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Differences of Socio-Demographic Characteristics, Clinical Profiles and Investigational Findings between Pediatric and Adult Subacute Sclerosing Panencephalitis Patients Attended at a Referral Neurology Hospital in Bangladesh | Abstract
International Journal of School and Cognitive Psychology

International Journal of School and Cognitive Psychology
Open Access

ISSN: 2469-9837

+44 20 3868 9735

Abstract

Differences of Socio-Demographic Characteristics, Clinical Profiles and Investigational Findings between Pediatric and Adult Subacute Sclerosing Panencephalitis Patients Attended at a Referral Neurology Hospital in Bangladesh

Mohammad Enayet Hussain*

Background: Subacute Sclerosing Panencephalitis (SSPE) though more common in the pediatric age group, can also occur in adult patients. There may be a variation of socio-demographic, clinical, and investigation profiles in these two groups.

Objective: The purpose of the present study was to find out the differences in socio-demographic, clinical, and investigation profiles between the two groups.

Methodology: This cross-sectional study was conducted at the national institute of neurosciences and Hospital, Dhaka, Bangladesh from September 2017 to August 2020. Patients of SSPE diagnosed by Dyken’s Criteria were included in the study. As per the hospital admission protocol, patients up to the age of 14 years were admitted to the pediatric neurology department while those above 14years were admitted to the adult neurology department. Details of socio-demographic characteristics, clinical profiles and investigational findings were recorded; then comparison of these parameters among the patients admitted in the pediatric and adult neurology department was performed.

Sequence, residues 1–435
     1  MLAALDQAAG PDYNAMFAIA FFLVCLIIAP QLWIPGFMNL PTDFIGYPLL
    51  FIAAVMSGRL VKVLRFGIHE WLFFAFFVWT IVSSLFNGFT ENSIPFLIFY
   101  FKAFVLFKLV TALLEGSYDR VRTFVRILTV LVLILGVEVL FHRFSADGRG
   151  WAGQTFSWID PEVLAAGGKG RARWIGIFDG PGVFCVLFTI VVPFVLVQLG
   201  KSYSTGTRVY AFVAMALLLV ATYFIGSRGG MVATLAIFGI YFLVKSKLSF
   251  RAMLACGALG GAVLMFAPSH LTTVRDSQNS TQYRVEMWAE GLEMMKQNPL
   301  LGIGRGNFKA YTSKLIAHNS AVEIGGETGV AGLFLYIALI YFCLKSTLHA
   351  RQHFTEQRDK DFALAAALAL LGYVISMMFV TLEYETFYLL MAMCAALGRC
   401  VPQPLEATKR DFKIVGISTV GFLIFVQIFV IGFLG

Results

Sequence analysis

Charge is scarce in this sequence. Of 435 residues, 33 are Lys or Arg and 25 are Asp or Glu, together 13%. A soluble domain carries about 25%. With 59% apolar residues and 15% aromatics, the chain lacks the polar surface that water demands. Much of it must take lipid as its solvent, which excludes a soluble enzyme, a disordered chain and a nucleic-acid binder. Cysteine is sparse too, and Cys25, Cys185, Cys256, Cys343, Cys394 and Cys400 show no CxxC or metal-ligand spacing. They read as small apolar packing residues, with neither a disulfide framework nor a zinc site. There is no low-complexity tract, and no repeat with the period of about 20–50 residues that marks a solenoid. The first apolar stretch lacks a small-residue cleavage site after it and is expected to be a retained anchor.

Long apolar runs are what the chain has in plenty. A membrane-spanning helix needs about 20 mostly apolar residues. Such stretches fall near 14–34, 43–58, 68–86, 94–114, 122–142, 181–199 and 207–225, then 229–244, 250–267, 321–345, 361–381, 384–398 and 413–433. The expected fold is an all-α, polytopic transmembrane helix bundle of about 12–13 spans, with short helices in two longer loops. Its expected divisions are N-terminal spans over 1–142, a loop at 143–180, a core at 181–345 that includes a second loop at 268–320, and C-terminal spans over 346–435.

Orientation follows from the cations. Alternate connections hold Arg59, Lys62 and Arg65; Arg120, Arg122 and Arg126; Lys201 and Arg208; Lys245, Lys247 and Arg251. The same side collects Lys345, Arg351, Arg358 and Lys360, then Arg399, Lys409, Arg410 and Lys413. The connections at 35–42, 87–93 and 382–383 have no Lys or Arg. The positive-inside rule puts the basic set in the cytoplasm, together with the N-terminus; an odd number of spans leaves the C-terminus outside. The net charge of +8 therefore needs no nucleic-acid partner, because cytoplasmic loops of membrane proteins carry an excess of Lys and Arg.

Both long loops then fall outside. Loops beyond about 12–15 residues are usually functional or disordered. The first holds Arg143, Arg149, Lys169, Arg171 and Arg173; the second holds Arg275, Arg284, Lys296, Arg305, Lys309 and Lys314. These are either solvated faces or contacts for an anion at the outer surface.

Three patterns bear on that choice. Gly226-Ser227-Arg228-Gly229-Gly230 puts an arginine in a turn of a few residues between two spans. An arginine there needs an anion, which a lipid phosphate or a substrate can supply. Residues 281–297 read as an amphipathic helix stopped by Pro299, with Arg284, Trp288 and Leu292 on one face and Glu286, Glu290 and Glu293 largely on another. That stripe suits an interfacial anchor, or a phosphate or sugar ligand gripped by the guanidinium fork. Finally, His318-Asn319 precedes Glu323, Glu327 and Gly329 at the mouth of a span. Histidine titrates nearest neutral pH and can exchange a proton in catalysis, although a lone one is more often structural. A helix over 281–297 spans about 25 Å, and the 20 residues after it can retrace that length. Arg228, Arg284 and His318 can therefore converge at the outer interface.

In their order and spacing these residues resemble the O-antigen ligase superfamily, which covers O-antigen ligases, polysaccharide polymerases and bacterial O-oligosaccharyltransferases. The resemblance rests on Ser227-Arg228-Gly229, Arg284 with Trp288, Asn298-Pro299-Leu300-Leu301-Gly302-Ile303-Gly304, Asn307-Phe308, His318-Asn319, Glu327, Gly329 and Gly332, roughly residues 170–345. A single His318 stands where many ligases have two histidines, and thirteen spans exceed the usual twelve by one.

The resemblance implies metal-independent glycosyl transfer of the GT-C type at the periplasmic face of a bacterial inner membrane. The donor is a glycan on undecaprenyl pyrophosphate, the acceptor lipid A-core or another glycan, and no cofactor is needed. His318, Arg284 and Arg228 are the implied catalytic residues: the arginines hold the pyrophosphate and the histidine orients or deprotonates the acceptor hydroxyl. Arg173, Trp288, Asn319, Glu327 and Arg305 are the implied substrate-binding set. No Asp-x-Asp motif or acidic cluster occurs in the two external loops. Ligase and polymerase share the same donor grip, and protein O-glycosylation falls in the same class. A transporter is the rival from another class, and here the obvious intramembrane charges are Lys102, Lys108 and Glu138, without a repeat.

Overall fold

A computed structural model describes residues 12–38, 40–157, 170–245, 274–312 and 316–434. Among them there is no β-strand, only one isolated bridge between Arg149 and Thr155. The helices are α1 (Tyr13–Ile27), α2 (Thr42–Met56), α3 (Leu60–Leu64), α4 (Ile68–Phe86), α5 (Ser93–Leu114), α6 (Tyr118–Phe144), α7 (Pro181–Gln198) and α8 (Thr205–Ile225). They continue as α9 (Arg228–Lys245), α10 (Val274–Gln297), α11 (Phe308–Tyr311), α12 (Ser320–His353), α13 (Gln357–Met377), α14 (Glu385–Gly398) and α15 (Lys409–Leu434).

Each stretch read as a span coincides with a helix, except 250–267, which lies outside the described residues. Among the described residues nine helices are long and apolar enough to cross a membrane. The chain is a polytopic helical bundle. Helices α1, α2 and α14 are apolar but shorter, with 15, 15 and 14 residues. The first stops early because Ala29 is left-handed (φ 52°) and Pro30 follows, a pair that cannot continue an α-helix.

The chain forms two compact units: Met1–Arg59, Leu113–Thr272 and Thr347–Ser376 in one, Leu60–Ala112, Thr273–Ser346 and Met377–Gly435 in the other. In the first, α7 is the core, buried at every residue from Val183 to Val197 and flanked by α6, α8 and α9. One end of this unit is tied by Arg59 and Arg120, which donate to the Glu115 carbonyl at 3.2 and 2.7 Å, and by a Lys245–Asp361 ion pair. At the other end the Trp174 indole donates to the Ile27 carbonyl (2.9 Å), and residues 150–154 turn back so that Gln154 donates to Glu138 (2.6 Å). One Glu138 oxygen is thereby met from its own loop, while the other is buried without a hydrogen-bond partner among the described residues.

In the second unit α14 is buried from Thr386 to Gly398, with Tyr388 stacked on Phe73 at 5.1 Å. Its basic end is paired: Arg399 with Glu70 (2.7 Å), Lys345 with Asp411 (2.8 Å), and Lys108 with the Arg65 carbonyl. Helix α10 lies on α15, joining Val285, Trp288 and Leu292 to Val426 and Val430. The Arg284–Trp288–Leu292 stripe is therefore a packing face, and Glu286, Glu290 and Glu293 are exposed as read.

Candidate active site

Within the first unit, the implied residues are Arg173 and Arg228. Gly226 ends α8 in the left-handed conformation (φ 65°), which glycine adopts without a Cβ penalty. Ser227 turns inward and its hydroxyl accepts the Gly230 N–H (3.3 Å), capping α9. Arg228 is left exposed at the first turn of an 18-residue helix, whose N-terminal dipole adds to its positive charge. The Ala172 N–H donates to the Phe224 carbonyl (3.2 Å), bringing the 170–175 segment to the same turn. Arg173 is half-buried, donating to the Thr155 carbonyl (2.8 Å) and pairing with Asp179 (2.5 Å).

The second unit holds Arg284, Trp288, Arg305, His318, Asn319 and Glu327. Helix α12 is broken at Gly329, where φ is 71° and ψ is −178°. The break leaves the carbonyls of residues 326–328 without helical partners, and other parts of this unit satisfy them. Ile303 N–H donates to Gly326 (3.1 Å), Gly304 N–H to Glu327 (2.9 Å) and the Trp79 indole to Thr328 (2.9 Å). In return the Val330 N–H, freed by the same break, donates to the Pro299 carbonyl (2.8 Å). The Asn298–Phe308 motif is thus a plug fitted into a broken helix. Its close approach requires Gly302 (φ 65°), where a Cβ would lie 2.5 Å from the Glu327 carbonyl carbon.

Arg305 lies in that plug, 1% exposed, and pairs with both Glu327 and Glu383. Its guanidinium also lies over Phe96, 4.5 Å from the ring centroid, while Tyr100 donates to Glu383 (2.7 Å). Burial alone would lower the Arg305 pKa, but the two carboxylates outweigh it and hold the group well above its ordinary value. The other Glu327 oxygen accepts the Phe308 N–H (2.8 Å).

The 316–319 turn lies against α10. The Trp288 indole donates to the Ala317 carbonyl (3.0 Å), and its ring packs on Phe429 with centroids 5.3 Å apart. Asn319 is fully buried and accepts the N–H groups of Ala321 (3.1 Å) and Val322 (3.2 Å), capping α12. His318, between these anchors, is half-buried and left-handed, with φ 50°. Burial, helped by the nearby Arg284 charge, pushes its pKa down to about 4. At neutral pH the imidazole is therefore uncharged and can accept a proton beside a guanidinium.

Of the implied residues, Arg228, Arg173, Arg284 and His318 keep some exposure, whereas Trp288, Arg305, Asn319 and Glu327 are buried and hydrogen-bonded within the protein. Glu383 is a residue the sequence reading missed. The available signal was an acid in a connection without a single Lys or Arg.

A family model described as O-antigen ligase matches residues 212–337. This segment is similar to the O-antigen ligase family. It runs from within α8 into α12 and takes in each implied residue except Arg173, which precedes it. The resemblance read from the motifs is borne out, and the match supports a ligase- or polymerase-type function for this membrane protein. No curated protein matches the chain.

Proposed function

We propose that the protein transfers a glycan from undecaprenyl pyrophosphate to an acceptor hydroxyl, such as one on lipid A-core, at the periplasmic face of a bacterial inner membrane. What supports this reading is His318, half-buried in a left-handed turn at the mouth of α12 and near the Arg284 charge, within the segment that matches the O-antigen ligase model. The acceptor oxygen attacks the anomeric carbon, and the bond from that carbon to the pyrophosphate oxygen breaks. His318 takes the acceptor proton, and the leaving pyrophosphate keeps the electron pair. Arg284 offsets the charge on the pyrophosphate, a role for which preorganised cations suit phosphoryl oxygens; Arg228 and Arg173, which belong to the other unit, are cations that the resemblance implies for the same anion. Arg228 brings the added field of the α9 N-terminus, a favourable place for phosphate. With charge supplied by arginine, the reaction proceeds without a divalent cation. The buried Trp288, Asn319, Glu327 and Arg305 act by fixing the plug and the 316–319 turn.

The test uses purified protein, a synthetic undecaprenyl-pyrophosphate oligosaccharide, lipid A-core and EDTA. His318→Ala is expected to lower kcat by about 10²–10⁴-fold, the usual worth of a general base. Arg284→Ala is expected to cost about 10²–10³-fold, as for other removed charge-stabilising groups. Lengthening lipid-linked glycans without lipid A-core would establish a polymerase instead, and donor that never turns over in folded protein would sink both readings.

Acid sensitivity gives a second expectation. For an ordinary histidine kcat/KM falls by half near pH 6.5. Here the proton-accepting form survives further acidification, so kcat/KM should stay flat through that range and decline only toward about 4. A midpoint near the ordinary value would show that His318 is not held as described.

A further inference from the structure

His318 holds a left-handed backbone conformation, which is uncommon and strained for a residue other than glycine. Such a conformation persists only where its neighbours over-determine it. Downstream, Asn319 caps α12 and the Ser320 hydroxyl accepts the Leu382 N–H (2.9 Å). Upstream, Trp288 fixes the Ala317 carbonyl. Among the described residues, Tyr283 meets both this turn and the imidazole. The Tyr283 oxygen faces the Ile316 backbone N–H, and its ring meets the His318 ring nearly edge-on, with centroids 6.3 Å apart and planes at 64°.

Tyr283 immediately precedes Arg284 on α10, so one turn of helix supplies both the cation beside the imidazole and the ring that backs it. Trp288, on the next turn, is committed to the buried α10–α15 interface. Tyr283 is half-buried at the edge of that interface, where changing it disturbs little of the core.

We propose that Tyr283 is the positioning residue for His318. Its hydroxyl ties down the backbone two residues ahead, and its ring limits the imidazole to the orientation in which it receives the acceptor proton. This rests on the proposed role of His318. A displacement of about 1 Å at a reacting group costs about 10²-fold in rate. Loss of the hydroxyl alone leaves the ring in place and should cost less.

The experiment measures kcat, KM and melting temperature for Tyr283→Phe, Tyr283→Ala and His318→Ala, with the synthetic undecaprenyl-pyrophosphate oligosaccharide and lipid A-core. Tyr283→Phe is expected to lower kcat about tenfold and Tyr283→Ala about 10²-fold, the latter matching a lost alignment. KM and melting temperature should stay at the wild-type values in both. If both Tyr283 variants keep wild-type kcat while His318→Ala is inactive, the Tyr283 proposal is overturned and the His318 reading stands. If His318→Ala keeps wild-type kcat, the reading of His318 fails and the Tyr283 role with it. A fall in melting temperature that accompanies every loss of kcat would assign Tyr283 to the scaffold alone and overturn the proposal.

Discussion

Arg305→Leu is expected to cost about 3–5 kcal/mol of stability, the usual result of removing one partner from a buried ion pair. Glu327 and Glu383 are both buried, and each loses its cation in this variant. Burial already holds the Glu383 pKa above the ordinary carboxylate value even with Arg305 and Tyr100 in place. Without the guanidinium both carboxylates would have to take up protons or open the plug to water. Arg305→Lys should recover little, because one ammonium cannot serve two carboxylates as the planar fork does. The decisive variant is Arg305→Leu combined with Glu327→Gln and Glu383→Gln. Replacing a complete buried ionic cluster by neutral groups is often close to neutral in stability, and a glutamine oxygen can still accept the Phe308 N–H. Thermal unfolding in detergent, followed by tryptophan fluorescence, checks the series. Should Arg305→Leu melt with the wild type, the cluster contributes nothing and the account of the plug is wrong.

Result: A total of 34 SSPE patients were recruited of which 24 cases were from the pediatric neurology department (group A) and the rest 10 patients were from the adult neurology department (group B). Male patients outnumbered females in both groups which was 18 (75.0%) cases and 7 (70.0%) cases respectively. Most of the patients were from rural areas and low socio-economic background. History of definite Measles infection was present in 41.0% in Group A and 30.0% in group B patients. The frequency of vaccination against measles was 100.0% in Group B whereas 91.7% in Group 1 patients. Fall was the commonest presenting symptom in both groups. Visual disturbance was more common among Group B patients (p<0.05). Antimeasles antibody was positive in all cases and EEG revealed periodic bursts in all patients in both groups.

Conclusion: The profile of SSPE patients admitted in the pediatric Neurology department is not varied from those admitted in the adult neurology department except for visual disturbance which has found to be more common in the late-onset group.

Published Date: 2022-03-04; Received Date: 2022-02-03

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